Milena’s defence has continuously denounced these irregularities, and a criminal and disciplinary investigation against the prosecutor who promoted the criminalisation is pending. However, since 28 May 2020, more than two years ago, we have been waiting for the judge to rule on the concealment of witnesses and on whether he will reject the prosecutor’s evidence. To date, this hasn’t occurred, mostly for reasons attributable to the Prosecutor’s Office and the trial court. We hope that at the next hearing, on 1 August 2022, this decision will be announced, pointing out the illegality of the evidence intended to be used against Milena and respecting her rights.

The continuation of the criminalisation process would further increase the stigmatisation suffered by the WHRD and the risk of new attacks against her, as illustrated by the assassination attemp she suffered in December 2019, despite having protection measures from the National Protection Unit (UNP), or the lamentable murder of Teófilo Manuel Acuña, on 1 March 2022, criminalised along with Milena.

Milena’s case is part of a broader context of persecution and violence against HRDs in Colombia. According to Front Line Defenders, in 2021, 138 social leaders and HRDs were killed in the country, making it the deadliest country in the world for the exercise of the right to defend human rights. Women defenders and leaders live in a particular situation of risk, and in recent years there has been an increase in murders, torture, sexual violence and threats against community leaders and defenders. [2]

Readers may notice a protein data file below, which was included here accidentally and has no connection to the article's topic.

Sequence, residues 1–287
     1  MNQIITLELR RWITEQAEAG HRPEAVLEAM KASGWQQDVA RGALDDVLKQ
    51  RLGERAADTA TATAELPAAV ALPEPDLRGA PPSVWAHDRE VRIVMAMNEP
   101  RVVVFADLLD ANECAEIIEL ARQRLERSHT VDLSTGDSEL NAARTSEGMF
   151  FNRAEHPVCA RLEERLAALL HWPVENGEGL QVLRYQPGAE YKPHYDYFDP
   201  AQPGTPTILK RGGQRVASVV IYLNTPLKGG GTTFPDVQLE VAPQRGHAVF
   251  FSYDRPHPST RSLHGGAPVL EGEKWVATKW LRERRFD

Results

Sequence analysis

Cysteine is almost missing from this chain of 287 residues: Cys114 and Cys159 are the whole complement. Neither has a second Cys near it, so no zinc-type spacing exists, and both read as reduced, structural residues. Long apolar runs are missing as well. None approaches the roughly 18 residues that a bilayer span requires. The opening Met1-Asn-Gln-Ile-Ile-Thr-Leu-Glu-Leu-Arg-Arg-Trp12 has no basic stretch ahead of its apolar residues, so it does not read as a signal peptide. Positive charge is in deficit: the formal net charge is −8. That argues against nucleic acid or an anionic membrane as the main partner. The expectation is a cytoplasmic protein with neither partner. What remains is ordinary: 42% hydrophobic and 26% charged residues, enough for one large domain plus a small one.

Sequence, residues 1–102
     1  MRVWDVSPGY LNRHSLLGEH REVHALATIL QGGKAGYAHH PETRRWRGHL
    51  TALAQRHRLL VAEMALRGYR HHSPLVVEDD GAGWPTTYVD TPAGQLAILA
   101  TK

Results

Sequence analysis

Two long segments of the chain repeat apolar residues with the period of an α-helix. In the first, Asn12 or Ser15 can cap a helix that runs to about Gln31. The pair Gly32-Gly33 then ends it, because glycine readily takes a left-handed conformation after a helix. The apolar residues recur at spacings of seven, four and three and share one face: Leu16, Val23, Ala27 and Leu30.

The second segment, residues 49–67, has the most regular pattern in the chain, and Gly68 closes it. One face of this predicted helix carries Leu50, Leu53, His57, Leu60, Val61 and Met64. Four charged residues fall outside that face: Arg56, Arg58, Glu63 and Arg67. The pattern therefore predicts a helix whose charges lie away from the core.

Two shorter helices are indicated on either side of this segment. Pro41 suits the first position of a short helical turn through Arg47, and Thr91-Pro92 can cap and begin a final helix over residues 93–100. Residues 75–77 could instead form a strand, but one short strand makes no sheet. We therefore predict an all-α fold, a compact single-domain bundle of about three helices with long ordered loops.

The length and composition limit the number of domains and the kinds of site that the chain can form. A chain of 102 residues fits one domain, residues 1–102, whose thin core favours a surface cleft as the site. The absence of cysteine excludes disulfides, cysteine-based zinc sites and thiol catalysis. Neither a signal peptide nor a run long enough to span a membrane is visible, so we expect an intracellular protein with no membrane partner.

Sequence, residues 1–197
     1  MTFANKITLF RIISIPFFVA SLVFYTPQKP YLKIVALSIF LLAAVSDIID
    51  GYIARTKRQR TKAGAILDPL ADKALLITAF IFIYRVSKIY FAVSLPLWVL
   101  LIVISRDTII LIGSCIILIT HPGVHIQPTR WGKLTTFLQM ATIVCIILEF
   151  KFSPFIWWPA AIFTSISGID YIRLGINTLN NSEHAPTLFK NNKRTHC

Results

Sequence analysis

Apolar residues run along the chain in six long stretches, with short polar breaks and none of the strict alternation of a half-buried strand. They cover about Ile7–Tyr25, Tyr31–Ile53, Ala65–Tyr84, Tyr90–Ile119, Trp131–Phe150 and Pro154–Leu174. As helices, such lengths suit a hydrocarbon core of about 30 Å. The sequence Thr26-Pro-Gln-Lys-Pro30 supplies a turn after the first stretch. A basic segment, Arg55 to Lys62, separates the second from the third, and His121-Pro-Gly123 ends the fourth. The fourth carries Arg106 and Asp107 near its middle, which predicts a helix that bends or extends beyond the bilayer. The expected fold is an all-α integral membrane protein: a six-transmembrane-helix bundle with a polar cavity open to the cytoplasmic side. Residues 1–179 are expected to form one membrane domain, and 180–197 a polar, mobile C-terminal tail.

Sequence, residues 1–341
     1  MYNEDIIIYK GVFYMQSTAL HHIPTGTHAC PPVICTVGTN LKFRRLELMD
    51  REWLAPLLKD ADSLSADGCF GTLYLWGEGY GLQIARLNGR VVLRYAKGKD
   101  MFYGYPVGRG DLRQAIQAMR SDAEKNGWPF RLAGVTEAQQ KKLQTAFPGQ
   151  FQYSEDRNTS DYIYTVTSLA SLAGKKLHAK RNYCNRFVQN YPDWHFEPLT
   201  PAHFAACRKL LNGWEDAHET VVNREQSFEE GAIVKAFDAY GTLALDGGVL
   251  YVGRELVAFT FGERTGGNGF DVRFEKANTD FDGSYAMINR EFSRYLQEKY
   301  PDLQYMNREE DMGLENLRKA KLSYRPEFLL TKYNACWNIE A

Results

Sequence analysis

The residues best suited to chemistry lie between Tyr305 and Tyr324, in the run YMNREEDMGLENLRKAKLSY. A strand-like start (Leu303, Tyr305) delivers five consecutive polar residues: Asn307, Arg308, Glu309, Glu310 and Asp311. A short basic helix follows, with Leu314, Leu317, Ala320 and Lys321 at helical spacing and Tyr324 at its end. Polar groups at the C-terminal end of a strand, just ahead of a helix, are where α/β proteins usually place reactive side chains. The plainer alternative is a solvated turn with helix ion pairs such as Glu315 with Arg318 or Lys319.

In light of the above, the undersigned organisations:

  • Call on Colombian judicial authorities to examine in detail and consider the irregularities pointed out in the process against Milena Quiroz and, consequently, drop the charges and the criminalisation process against the defender.
  • Call on the Colombian government to ensure an enabling environment for the work of HRDs, guaranteeing their physical integrity and that they are not stigmatised and criminalised for their actions.
  • Call on the national and international press to attend the hearing as observers of the arbitrary process that Milena is suffering for defending human rights.
  • Call on the international community and diplomatic delegations and embassies in Colombia to monitor this process and make a statement calling for an end to the criminalisation, violence, and persecution against Milena Quiroz Jimenez and against people who defend human rights in the country.

For further information / interviews:

  • Julia Lima, Front Line Defenders, Protection Coordinator for South America: jlima@frontlinedefenders.org
  • Marc Montany Daufí, World Organisation Against Torture: mam@omct.org
  • Angelita Baeyens, Robert F. Kennedy Human Rights: baeyens@rfkhumanrights.org
  • Javier Urizar, LAC Focal Point and Legal Programme Officer, International Service for Human Rights (ISHR): j.urizar@ishr.ch